Turns Out Social Networks Aren't Breeding Grounds For Sexual Predators

from the won't-stop-politician-grandstanding dept

Over the past few years there has been a huge number of grandstanding politicians claiming that social networks like Facebook and MySpace were breeding grounds for online predators, who were trying to entice children. They've been pushing for new laws, basically so they can get into the papers along with some quip about how they are out there protecting "the children." Of course, it turns out that the entire premise is faulty. A few years back we pointed to a study that showed the problem was entirely exaggerated. Very few kids were approached by predators and most who were could easily brush it off, so long as they had been educated about the risks. Now there's a new study out going even deeper in noting that sexual predators are unlikely to pretend to be teenagers using social networks, but rather are very upfront about who they are and what they want. In most cases, the victims knew that they were chatting with an older person, and believed that they were in a legitimate relationship, rather than being tricked. Once again, this suggests that all the hype and new laws being proposed to deal with the "problem" of predators on social networks are misplaced. The focus should be on basic education. Teach kids to have some "internet smarts" and they're probably going to be just fine.

Filed Under: predators, social networks

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  1. identicon
    DanC, 19 Feb 2008 @ 11:00am

    Re: Re: Re:

    How do you stop murderers, other than vague appeals to "common sense", "stop legislating parenting", or "base them on reliable studies"?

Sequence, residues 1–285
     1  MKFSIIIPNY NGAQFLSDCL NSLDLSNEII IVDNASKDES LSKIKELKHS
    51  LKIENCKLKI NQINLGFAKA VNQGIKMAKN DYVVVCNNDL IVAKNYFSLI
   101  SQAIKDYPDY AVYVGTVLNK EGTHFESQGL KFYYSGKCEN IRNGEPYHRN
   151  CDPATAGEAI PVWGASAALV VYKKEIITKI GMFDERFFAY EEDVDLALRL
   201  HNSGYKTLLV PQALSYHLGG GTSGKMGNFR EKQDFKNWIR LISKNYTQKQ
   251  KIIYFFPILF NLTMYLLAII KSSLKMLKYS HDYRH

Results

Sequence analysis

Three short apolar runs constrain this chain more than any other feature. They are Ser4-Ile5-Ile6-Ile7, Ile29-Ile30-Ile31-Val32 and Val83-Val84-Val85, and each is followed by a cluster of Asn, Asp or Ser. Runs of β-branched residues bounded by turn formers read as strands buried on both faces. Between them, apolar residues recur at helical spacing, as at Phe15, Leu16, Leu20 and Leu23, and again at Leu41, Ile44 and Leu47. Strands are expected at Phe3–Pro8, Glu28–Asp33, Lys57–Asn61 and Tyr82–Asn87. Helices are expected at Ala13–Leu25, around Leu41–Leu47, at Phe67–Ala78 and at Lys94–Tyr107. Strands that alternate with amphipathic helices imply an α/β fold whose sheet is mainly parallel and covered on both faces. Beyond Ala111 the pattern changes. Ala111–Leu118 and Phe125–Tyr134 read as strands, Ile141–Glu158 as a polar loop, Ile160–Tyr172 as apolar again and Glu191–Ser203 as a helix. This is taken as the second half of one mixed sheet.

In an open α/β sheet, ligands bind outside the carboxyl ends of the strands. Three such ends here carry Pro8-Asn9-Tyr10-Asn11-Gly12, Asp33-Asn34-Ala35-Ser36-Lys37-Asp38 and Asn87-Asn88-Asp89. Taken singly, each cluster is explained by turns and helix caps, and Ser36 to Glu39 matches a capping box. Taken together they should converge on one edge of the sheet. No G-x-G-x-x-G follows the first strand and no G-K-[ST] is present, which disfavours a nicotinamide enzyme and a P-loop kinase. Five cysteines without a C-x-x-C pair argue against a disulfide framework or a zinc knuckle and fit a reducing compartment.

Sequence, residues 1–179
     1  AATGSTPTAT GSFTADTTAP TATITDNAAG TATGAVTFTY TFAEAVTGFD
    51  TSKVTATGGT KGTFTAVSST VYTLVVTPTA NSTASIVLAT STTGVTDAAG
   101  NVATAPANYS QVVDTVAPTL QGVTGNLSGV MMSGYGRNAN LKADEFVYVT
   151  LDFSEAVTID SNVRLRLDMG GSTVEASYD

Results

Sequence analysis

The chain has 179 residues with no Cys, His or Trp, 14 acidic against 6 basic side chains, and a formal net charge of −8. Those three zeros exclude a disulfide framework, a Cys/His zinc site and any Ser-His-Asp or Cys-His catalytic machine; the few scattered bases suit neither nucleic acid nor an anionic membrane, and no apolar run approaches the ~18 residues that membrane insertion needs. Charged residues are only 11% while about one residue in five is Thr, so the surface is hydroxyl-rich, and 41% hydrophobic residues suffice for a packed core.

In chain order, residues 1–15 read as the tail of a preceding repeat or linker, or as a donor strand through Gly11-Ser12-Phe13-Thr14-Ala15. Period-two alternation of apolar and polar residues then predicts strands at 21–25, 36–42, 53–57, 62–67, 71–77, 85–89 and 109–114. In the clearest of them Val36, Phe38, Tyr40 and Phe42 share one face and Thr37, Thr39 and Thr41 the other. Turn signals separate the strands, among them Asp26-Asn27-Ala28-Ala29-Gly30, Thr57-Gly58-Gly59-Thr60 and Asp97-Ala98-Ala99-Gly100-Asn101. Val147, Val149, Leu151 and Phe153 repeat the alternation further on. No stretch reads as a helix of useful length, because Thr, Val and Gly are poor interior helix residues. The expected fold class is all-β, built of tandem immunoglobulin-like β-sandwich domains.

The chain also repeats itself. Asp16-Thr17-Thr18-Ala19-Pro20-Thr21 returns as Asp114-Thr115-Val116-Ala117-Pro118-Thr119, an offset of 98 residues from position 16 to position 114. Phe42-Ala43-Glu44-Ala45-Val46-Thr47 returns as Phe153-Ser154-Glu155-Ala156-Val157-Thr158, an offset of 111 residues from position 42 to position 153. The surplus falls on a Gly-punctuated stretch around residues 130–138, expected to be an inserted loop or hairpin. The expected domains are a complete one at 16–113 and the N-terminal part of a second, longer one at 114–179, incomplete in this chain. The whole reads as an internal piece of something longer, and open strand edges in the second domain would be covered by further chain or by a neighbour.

You don't, because you can't. You can pass laws that help impede a murderer from accomplishing his goals, but you can't stop everyone. And some of those laws are inherently flawed as well.

    Take, for instance, the Gun-Free School Zone act. While it provides a penalty for someone found with a handgun in a school zone, it also ensures that law-abiding citizens are defenseless when a school shooting occurs. Murderers don't care about laws that stop them from killing.

    And to answer your sarcastically posed question: yes, some murderers are the products of poor parenting, or lack of parenting. That's why the automatic first response to early school shootings was to blame video games for desensitizing the kids. Sure some people asked how the parents could not know their kids had purchased handguns months beforehand or had assembled pipe bombs in the basement, but the immediate outrage was against video games.

    Your responses to these posts seem to indicate that you favor the "throw it against the wall and see what sticks" method of legislating, regardless of their merit. Pass as much legislation as possible, and hope something works.

    If you're going to try and play devil's advocate, could you at least put a little effort into it? Referring to all my points as "vague appeals" is fairly pathetic, and makes you look silly.

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